The three COVID-19 vaccines available in the U.S. have proven to be astoundingly safe and effective for people with healthy immune systems, enabling them to shed masks and enjoy new freedoms. But for the millions of Americans who are immunocompromised, vaccination does not ensure protection.

A large, ongoing study by researchers at the University of Pittsburgh Medical Center finds that the level of protective antibodies generated by vaccination varies dramatically, depending on the reason for the weakened immune response. Only 37% of solid organ transplant patients and 55% of blood cancer patients had antibody responses, compared to 82 % of solid tumor patients, 84% of autoimmune disease patients and more than 94% of patients with well-controlled HIV infection.

The study, which builds on research published in April, is one of the first to show that blood antibody levels correlate with the ability to kill, or “neutralize,” the coronavirus in lab dishes. Yet many questions remain about which immune-compromised patients are most vulnerable and why. The “autoimmune” category, for example, covers a vast variety of mysterious diseases in which immune cells attack healthy cells.

Lindsay Ryan, an emergency room physician at San Francisco General Hospital and the San Francisco VA Medical Center, recently wrote and talked to Slate magazine about living with an autoimmune disease during the pandemic. She expected her disease and the medication she takes to treat it would lessen her response to vaccination. Instead, tests showed she made “no neutralizing antibodies.”

» READ MORE: The COVID-19 vaccine doesn’t fully protect people like me who are immuno-compromised. Science is working on it.

“I can’t live the way I do now forever, with my ambitions collapsing in on me at the age of 37,” she wrote in the Journal of the American Medical Association. “I want to work in South Africa again, hear live music, and laugh with friends at the Burmese restaurant we all love. It’s hard to conceive of the fact that if COVID-19 never abates, the guy sitting next to me in the movie theater could transmit a virus that might kill me.”

The Pitt researchers, led by infectious disease specialist Ghady Haidar, acknowledged the “urgent need to optimize and individualize COVID-19 prevention” in such patients.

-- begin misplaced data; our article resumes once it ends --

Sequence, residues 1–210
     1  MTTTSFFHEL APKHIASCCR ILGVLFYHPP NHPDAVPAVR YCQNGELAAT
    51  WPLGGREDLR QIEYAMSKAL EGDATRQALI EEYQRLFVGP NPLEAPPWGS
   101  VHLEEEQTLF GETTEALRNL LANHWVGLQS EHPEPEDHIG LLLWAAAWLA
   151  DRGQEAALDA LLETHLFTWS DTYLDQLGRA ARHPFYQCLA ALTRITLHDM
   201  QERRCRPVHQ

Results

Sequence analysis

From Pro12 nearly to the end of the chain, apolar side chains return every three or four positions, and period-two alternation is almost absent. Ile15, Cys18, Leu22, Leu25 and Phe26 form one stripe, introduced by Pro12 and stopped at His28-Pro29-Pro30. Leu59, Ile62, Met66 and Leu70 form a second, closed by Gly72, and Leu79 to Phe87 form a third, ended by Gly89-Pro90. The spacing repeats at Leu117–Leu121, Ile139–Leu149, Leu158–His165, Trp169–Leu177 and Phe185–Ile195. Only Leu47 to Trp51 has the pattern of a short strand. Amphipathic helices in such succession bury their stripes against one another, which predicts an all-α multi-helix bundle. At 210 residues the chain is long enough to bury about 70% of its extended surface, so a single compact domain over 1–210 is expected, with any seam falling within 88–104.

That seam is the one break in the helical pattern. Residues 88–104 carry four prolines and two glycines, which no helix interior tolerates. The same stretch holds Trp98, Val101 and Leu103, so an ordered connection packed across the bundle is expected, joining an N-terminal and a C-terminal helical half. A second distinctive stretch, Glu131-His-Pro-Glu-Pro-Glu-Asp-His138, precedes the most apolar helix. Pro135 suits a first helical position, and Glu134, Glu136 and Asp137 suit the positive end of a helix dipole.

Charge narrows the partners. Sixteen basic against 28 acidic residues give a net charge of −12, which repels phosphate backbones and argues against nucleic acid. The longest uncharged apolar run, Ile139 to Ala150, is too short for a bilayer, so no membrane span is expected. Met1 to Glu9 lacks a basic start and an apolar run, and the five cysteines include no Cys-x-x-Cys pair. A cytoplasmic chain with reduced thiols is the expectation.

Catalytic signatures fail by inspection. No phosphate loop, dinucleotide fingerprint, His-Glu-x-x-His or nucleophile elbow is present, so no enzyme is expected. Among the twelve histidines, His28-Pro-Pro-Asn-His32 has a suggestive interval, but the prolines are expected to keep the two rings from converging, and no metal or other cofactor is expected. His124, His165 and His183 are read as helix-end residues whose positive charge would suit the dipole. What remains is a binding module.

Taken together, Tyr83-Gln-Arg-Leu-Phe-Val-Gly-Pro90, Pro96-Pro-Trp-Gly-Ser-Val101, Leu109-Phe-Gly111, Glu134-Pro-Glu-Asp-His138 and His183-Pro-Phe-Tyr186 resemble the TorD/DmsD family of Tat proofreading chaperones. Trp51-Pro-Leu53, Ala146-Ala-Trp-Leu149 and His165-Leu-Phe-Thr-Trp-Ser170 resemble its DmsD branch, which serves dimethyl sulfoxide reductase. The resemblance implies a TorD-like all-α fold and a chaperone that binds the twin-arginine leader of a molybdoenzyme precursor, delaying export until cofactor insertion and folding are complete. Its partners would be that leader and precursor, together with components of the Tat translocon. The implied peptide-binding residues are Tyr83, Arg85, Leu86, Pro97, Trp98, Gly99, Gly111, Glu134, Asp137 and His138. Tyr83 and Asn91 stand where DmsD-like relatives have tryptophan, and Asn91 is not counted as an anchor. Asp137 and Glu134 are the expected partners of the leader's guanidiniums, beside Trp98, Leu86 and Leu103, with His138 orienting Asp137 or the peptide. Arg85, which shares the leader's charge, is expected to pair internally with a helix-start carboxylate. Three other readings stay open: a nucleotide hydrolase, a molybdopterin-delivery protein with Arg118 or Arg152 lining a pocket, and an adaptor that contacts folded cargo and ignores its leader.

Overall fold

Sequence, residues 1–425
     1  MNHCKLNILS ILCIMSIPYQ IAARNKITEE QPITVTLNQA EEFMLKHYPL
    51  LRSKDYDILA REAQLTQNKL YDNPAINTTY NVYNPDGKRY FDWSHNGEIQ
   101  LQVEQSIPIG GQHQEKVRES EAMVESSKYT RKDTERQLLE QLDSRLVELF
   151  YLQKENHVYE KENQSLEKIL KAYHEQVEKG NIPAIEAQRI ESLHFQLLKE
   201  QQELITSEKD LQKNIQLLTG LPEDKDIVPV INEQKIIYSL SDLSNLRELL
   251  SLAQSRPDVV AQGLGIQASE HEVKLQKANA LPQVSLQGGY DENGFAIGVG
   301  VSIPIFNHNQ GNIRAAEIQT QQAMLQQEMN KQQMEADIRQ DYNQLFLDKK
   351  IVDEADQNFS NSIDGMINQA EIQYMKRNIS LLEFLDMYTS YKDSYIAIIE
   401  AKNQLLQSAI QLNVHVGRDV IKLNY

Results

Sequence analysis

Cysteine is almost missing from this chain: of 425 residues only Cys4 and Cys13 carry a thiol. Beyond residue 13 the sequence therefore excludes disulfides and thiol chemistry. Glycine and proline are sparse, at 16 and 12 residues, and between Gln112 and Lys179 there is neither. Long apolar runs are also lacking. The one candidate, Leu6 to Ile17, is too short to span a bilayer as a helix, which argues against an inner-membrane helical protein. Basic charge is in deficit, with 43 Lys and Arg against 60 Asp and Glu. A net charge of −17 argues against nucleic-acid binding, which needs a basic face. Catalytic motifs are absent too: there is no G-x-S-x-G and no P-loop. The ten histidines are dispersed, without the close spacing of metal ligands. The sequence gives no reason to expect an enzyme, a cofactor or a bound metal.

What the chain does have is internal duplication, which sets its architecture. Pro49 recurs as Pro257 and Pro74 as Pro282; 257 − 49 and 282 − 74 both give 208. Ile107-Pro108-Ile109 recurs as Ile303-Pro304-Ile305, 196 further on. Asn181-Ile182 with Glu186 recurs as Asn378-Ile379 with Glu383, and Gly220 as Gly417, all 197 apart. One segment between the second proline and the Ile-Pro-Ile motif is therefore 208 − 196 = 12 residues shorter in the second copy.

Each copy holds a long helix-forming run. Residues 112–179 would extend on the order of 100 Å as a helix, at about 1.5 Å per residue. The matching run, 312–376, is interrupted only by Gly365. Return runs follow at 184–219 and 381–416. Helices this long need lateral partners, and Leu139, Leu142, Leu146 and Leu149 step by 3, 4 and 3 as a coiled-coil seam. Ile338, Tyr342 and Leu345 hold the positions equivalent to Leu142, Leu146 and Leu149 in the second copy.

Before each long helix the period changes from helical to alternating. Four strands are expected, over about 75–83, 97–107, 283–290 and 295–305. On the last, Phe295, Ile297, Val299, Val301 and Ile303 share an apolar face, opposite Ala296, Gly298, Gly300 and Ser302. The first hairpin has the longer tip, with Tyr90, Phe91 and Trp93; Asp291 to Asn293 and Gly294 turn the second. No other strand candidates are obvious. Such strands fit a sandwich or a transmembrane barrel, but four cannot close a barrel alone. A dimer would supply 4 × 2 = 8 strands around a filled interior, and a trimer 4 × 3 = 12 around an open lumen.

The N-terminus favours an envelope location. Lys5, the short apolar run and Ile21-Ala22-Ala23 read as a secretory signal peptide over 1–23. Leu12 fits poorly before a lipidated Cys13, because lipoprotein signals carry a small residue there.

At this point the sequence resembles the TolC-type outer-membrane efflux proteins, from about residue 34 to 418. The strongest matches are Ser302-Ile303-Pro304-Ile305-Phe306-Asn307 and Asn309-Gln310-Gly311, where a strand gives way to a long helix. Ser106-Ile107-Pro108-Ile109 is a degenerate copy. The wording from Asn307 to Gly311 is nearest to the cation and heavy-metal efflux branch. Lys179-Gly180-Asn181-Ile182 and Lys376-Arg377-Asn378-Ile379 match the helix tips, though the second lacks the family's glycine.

“Our findings also have implications for public health guidance,” they wrote on medRXiv, a website for sharing data before publication in a peer-reviewed journal, “particularly given revised recommendations permitting vaccinated individuals to abandon masking and social distancing in most settings.”

Immune function tends to wither with age, but an estimated 4% of Americans have abnormal function because of immune-damaging diseases, such as HIV and cancer, or treatment of those diseases, or because they take immune-suppressing drugs to prevent rejection of an organ transplant.

Compromised patients were excluded from the clinical trials of vaccines because developers were rushing to get clear-cut results.

The Pitt study tested blood samples from 107 healthy medical center workers and 489 immunocompromised patients. Both groups were fully vaccinated.

While 98% of the healthy volunteers mounted a robust antibody response, vaccine failure was common among the compromised patients, except for those with HIV.

Among organ transplant patients, those with new lungs had especially poor responses, with only 22% producing antibodies, while those who got livers fared best, with 61% making antibodies to the coronavirus. Vaccine failure was more common among patients who received their transplant less than a year ago, cancer patients undergoing radiation, and patients taking certain drugs that deplete immune cells.

This lack of vaccine response is, as Ryan put it, “personally devastating,” because compromised patients are at risk of more severe, persistent COVID-19. But it also has implications for controlling the pandemic. There is evidence from cases at Pitt and elsewhere that such patients can serve as a breeding ground for more dangerous variants of the virus because it can rapidly mutate in their defenseless bodies. That, Ryan pointed out, adds “the stigma of whether certain people are risky” to be around.

Vaccine studies are now underway around the world to see how compromised patients respond, and whether they should be monitored with antibody tests or given booster shots, or both. Studies are also analyzing other types of immune response, such as T-cells, which can “remember” an invader and reactivate protection long after antibodies fade.

“Although we anxiously await the results ... it is not surprising that many immunocompromised patients will never mount an antibody response,” the Pitt researchers wrote. “Patients who fail to respond to re-vaccination should be referred to clinical trials of other preventive measures” such as synthetic antibodies and antiviral drugs.